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New Zealand’s relationship with India is in trouble

New Zealand’s relationship with India is not in good health. That’s the underlying message from a rare visit to New Zealand by India’s external affairs minister, Dr. Subrahmanyam Jaishankar. Jaishankar met with his New Zealand counterpart, Nanaia Mahuta, last Thursday – but only for an hour. At a press conference with Mahuta in Auckland, Jaishankar was publicly critical of New Zealand’s unwillingness to renew visas for Indian students who had left New Zealand during the Covid-19 pandemic and called for ‘fairer and more sympathetic treatment’. Mahuta’s response to the criticism was to pass the buck to Michael Wood, New Zealand’s...

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Jacinda Ardern’s tilt towards the West continues at the UN

Jacinda Ardern intends to continue a more pro-Western foreign policy strategy, if her agenda from a hectic week of diplomacy is anything to go by. New Zealand’s Prime Minister met with four G7 leaders – Liz Truss, Joe Biden, Justin Trudeau and Emmanuel Macron – in various settings while she was at the Queen’s funeral in London and at the United Nations in New York. Prime Minister @JacindaArdern and I have touched base on the phone, over video calls, at summits – and now on planes. As we traveled together from London, we reflected on Her Majesty The Queen’s devotion...

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Was New Zealand’s deployment to Iraq worth it?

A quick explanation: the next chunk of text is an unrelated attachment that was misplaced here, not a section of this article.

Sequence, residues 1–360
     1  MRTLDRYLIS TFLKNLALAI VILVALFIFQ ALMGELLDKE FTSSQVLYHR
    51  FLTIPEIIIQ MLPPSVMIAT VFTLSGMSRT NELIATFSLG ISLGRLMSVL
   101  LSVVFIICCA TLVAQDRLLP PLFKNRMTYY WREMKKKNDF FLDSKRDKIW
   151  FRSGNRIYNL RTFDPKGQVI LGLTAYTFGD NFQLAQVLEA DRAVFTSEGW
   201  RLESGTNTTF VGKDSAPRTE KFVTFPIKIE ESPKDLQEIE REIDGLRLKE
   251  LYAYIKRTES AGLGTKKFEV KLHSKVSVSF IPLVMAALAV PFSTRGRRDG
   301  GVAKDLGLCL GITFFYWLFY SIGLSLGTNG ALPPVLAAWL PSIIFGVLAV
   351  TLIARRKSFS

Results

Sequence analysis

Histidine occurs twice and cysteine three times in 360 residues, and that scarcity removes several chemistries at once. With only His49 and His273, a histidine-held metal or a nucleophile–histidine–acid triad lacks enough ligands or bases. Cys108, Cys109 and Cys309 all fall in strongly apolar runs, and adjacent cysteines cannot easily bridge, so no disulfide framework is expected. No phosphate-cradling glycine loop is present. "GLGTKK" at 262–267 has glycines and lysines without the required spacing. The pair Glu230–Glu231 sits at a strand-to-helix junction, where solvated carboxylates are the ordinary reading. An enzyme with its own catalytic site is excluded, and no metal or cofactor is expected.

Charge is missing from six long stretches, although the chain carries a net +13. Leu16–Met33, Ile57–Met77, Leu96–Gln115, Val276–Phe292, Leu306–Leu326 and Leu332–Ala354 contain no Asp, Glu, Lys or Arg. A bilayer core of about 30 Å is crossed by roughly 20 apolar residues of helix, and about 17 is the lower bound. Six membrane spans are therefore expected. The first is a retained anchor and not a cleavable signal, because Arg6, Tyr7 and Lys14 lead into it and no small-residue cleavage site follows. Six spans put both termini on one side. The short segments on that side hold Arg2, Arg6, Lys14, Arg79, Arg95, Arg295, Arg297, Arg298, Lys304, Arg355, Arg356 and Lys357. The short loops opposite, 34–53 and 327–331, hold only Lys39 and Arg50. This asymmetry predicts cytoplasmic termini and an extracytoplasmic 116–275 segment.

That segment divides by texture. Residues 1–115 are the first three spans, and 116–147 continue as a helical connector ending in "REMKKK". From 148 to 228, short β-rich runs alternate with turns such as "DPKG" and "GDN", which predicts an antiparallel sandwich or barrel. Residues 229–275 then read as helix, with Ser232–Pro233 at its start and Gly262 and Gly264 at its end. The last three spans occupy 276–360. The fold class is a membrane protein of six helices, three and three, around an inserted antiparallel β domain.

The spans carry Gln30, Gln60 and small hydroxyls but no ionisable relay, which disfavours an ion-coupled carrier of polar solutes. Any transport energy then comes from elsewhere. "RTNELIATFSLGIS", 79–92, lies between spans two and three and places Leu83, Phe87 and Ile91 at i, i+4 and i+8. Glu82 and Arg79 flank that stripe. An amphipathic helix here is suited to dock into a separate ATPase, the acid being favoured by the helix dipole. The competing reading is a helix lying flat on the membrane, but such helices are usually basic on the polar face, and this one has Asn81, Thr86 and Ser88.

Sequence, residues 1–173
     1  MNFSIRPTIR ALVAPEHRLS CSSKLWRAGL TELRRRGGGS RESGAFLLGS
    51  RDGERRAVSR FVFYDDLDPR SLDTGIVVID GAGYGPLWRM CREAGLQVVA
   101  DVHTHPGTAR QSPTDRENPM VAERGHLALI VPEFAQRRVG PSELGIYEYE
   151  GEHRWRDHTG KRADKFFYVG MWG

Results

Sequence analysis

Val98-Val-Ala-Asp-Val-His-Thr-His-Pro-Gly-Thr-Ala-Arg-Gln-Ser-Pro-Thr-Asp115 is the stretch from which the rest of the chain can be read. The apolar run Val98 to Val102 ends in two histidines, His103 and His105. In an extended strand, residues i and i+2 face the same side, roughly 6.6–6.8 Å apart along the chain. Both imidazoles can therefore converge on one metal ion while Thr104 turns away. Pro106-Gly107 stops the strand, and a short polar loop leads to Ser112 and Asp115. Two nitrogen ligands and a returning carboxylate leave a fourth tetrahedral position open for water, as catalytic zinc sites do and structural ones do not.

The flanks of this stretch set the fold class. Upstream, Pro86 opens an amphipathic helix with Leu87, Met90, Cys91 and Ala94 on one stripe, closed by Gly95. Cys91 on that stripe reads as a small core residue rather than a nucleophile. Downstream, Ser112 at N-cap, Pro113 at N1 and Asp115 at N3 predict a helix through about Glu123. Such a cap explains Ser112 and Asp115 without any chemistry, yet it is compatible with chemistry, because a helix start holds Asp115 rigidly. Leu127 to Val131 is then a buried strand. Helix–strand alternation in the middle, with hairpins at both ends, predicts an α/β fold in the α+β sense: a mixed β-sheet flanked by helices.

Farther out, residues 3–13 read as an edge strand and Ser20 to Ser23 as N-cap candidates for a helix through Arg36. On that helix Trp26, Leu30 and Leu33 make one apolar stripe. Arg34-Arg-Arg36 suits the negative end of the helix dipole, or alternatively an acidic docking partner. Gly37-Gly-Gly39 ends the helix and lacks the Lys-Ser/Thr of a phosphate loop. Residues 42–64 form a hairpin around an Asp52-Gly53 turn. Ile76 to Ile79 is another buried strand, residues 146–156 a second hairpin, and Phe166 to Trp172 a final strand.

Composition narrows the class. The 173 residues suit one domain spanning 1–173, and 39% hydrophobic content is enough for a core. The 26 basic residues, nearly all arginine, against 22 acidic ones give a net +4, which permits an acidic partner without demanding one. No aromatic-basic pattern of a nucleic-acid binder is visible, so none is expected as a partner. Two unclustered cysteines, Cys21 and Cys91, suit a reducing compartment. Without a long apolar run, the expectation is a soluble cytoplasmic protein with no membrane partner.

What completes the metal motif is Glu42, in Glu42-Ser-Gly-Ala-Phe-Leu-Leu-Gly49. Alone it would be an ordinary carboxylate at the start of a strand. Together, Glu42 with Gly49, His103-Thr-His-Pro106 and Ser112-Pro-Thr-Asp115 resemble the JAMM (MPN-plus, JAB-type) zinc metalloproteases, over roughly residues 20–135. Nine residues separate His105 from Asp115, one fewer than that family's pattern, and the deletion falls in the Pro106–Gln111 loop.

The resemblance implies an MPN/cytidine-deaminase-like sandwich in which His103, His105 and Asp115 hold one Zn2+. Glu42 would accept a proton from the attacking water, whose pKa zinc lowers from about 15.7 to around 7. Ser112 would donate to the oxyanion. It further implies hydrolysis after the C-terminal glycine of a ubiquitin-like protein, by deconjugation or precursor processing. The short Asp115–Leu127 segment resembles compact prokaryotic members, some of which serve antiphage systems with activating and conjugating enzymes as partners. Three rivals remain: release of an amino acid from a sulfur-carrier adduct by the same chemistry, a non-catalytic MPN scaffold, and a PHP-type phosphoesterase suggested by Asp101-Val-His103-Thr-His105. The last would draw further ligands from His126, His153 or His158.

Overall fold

After more than seven years, the end is finally in sight for New Zealand’s anti-Isis deployment in Iraq. The Government recently announced that the remaining two personnel deployed to Iraq and Kuwait as part of the Global Coalition to Defeat the Islamic State of Iraq and Syria will be withdrawn by the end of June 2023. The mission has lasted far longer than the original two years that were planned. John Key, New Zealand’s then National Party Prime Minister, initiated New Zealand’s contribution towards the multilateral coalition when he sent 143 soldiers to Iraq in February 2015. Upon committing the...

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Aukus door held ajar for New Zealand

Last week’s visit to New Zealand by US Deputy Secretary of State Wendy Sherman was another in a series of high-level calls on the country by top US military and political figures this year. Sherman’s trip to Wellington came soon after a stop in New Zealand’s capital by Admiral John Aquilino, the head of the US Indo-Pacific Command, and only two months after a visit by Mark Lambert, a US Deputy Assistant Secretary of State with responsibility for East Asia and the Pacific. A tangible outcome of Sherman’s trip was the signing of a new ‘Framework Agreement’ to underpin co-operation...

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Jacinda Ardern strikes a softer tone on China

Today’s speech by Jacinda Ardern to the China Business Summit in Auckland was full of soothing words for Beijing. The headline-grabber was Ardern’s comment that ‘a few plans are afoot’ for New Zealand ministers to return to China – and that the Prime Minister herself hopes to return to the country ‘to renew and refresh in-person connections’. This might come sooner than we think. While China’s current elimination approach to Covid-19 heavily restricts in-person travel, New Zealand’s own experience shows how quickly these settings can change. After abandoning its own zero-covid policy, New Zealand this week fully re-opens to all... - Understand the world through New Zealand